It's said that the wise man builds his house upon the rock—but rocks aren't the most convenient substrate for the wood floor pro. This 14th-century castle in Hessen, Germany, was built on a foundation of ancient rocks, and Juri Buss of Volkmarsen, Germany-based Juri Buss Parkett had to figure out how to install a live-edge oak floor over them.
The solution was a wooden substructure. "It had to be designed in such a way that the planks are not damaged," says Eugen Wangler, international sales manager at Loba-Wakol, who advised Buss on the project. The substructure was leveled and bolted directly over the rock subfloor in the approximately 1,000-square-foot castle basement.
With the substructure in place, it was time to ready the approximately 1-inch-thick planks. The raw lumber was first laid out in a large area to pair the naturally shaped boards together. Boards that didn't fit naturally were shaped with a band saw. The intent was that the live edge planks provide historical ambience, complementing the stone. Once the planks were milled, they were screwed onto the wooden substructure. The installation took about a month for Buss's six-person team to complete.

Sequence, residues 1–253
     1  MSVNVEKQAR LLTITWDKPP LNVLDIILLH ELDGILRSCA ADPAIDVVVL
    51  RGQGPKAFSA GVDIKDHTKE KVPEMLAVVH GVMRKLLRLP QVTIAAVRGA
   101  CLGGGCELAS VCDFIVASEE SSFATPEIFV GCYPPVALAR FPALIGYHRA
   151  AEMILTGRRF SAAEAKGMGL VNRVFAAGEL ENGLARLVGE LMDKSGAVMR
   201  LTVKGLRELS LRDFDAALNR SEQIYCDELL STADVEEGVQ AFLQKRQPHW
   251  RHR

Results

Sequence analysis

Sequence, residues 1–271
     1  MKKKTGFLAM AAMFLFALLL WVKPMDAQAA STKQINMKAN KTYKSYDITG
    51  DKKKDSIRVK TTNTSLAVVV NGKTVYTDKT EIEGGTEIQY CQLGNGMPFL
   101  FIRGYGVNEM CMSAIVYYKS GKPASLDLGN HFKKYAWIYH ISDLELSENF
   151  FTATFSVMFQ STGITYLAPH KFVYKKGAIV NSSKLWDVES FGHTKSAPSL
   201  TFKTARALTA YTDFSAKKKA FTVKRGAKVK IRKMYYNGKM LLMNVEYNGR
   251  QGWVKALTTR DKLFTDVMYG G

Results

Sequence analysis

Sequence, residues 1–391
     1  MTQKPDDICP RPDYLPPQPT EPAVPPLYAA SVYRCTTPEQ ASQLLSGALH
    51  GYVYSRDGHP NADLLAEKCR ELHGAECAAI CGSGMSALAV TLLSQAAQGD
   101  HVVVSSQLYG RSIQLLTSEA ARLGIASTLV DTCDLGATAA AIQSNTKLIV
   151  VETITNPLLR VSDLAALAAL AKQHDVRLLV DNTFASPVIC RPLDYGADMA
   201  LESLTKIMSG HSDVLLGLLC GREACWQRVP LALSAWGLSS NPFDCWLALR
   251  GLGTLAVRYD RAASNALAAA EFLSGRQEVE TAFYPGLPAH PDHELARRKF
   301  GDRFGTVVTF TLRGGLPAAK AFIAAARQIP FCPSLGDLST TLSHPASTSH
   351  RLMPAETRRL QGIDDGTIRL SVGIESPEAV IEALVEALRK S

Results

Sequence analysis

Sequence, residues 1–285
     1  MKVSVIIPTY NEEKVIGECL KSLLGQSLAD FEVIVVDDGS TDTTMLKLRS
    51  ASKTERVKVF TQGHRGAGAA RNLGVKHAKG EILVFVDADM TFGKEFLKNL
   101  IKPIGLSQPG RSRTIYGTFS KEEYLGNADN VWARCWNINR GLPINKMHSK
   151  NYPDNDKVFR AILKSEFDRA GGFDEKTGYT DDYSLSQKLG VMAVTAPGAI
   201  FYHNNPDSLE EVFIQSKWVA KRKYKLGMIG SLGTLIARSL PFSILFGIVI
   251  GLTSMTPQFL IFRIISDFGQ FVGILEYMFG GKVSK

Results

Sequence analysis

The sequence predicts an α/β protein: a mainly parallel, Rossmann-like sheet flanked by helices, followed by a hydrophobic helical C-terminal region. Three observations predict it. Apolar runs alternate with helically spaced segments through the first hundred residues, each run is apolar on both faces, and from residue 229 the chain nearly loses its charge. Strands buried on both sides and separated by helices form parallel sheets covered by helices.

"My favorite working step was the laying of the floorboards because it is only at this stage that you can see whether the hours of laborious production in the workshop have paid off and the floorboards fit together as intended," Buss says.
The flooring was scraped and then sanded with an edger and random orbital sander from 24-grit to 100-grit and coated with brown waterborne stain followed by oil finish. "The floorboards had dark spots by nature, and we wanted to make sure the character would be maintained," Wangler says.
Lights were placed beneath the floorboards, adding drama to the final product. Wisdom was required to complete the unique flooring, but the German wood floor pros had another advantage, as well: leidenschaft—or, in English: passion.